A November 2004 ACM paper: eXtensible Content Protection by Florian Pestoni and Clemens Drews

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Xbox mods OK in Spain - for now [10:43 am]

Spanish judge rules X-Box mods ‘legal’

A Spanish judge has ruled that modifications to games consoles to allow them to play DVDs and games from other countries “are not illegal”.

[...] The judge noted that such modifications “might constitute a crime against the intellectual property of the equipment manufacturers”, but he concluded that there is a legal loophole in the “Ley de Propiedad Intelectual” (Intellectual Property Law) which means that they are, by default, legal.

The loophole exists in article 270 of the penal code, which mentions “the manufacture, distribution or possession of means to crack computer programme security codes”. It does not, however, cover “components of video games players nor, in general, equipment designed to run image or sound software”.

See also: Xbox 2 innards laid bare on web

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Plus ça change…. [9:52 am]

Once again, technology is not the complete solution: Maujempur Journal: On New Voting Machine, the Same Old Fraud

In less than 30 minutes on Monday morning, workers from a local political party, which political analysts say has kept Bihar’s 100 million people mired in poverty, seized control of the voting machine. An old India abruptly reappeared, one that shows that the country still faces pitfalls as it pursues its dream of becoming a global economic and political power.

In what appeared to be a carefully planned series of events, two small bombs exploded near the polling place and party workers threatened the five policemen guarding the booth and then brazenly took control of it. As poll workers and policemen averted their eyes, young party workers pushed the button for their party on the electronic voting machine over and over again, casting vote after fraudulent vote.

The men had carried out a new version of a storied Indian electoral trick: “booth capturing,” in which armed thugs hired by political parties seize control of a polling place and stuff ballot boxes. The events on Monday suggest that like the rest of India, the country’s political operatives are becoming more businesslike and more technologically savvy.

“Now they don’t say it is booth capturing,” said Saadat Hasan Mintu, Bihar’s assistant chief electoral officer. “It is booth management.”

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Broadband initiatives [9:47 am]

Everywhere you turn today, there’s a discussion of the Bush administration’s plans to get universal broadband by 2007 (Bush: Broadband for the people by 2007; Senate Votes to Consider Ban on Taxes on Net Access). I like this discussion of the underlying issues: Broadband users, watch your wallets

In Washington, choosing words carefully is important. Every sentence uttered by the president can cause tectonic shifts in thinking and actions. The president made an incredibly simple, feel-good statement about broadband: “We ought to have a universal, affordable access for broadband technology by the year 2007, and then we ought to make sure, as soon as possible thereafter, consumers have got plenty of choices, when it comes to purchasing the broadband carrier.”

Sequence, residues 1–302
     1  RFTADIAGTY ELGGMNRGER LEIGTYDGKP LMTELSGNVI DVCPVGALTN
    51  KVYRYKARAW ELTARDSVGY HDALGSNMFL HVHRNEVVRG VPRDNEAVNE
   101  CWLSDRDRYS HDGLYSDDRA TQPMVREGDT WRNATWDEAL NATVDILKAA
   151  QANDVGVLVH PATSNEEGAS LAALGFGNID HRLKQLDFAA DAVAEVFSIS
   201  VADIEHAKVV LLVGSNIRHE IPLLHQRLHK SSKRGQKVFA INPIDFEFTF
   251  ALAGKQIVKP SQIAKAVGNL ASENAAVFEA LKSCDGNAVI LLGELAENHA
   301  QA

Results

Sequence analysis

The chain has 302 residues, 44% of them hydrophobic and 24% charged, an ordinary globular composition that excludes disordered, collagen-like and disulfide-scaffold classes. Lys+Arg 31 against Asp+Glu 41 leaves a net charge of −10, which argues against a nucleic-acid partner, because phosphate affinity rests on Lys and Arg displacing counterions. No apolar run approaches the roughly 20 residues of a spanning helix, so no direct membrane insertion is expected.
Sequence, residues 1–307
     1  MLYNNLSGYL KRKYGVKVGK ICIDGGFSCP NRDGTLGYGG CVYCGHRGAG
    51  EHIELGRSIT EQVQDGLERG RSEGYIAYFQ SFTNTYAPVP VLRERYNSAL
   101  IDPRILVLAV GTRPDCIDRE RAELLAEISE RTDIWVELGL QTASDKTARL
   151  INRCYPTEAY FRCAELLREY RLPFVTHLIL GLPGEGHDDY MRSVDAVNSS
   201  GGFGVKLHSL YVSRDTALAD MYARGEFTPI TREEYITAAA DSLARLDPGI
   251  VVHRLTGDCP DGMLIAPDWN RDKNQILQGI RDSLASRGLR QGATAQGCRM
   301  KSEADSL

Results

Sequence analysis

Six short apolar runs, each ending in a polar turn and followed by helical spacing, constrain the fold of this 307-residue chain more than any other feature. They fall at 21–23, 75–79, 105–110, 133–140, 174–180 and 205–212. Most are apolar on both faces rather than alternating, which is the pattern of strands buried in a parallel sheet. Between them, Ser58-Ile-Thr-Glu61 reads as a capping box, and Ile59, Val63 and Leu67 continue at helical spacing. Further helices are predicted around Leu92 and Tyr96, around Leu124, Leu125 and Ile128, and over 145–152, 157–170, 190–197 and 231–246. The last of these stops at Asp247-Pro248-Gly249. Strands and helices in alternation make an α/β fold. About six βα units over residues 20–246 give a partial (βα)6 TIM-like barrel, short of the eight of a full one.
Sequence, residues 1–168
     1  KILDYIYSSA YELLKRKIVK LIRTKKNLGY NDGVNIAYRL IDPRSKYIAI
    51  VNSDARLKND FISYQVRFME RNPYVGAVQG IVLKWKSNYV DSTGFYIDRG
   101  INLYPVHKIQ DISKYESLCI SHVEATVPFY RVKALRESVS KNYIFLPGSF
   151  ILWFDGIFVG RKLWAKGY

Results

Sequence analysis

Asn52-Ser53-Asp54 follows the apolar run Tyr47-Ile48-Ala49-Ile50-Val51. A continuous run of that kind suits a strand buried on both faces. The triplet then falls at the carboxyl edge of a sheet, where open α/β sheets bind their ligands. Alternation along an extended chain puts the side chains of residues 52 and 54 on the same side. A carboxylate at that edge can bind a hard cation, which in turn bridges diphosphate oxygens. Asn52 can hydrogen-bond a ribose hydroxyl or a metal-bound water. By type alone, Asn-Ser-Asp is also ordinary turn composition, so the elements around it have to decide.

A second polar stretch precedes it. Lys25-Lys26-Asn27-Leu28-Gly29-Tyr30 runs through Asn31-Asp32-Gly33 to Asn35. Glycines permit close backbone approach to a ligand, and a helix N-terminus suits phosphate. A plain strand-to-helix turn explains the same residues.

Those simple words will cause lots of action, not all of it positive.

[...] This supposedly market-oriented administration must find a way to fund its call for “universal affordable access.” The tens of billions or hundreds of billions of dollars for building the network and providing the service do not come free, even with this record-setting, deficit-spending administration.

Where will it come from? The current slush funds used to provide narrowband service subsidies are a terrific example of what not to do. [...]

While there may be a case for providing vouchers for low-income households that would not otherwise be able to afford broadband service, the history of telecommunications subsidies shows that the vast majority of money will go to rural states and come from urban areas. This means that low-income residents of San Jose, Harlem and Washington, D.C., will not be the recipients of the majority of subsidy dollars. Instead, they will be asked to pay higher prices to subsidize high-cost rural residents, many of whom can much more easily afford to pay for broadband service.

Higher prices will frustrate the broadband desires of many low-income folks who are likely to be more price sensitive than the few higher-income rural residents they would subsidize. If our high-tech economy really wants a broadband nation, companies should fight tooth and nail against the current inefficient subsidy system and instead work to ensure that cable, digital subscriber line, wireless and satellite services–in addition to power companies and anyone else–have the ability to provide competitive service without the shackles of the narrowband subsidy system.

[...] Much better leadership would include outlining a clear and specific plan to ensure to broadband service provider competition and then to let the market provide the services Americans want. Words matter a lot in Washington. We need a president who can articulate a plan–not a simplistic vision that will get twisted and end up frustrating broadband deployment.

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Who’s Yer Daddy? [9:36 am]

Father of the IPod, from the Cult of Mac Blog

Sunday’s New York Times feature on Apple, Steve Jobs and the iPod touches on one of the weirdest open secrets in Silicon Valley: The unacknowledged father of the iPod is engineer Tony Fadell.

According to the Times, “(The iPod) was put together starting in 2001 by hardware designers led by Tony Fadell, a young engineer who had worked at the Apple spinoff General Magic, at Philips Electronics and briefly at RealNetworks, led by Rob Glaser, who has developed the Rhapsody music service.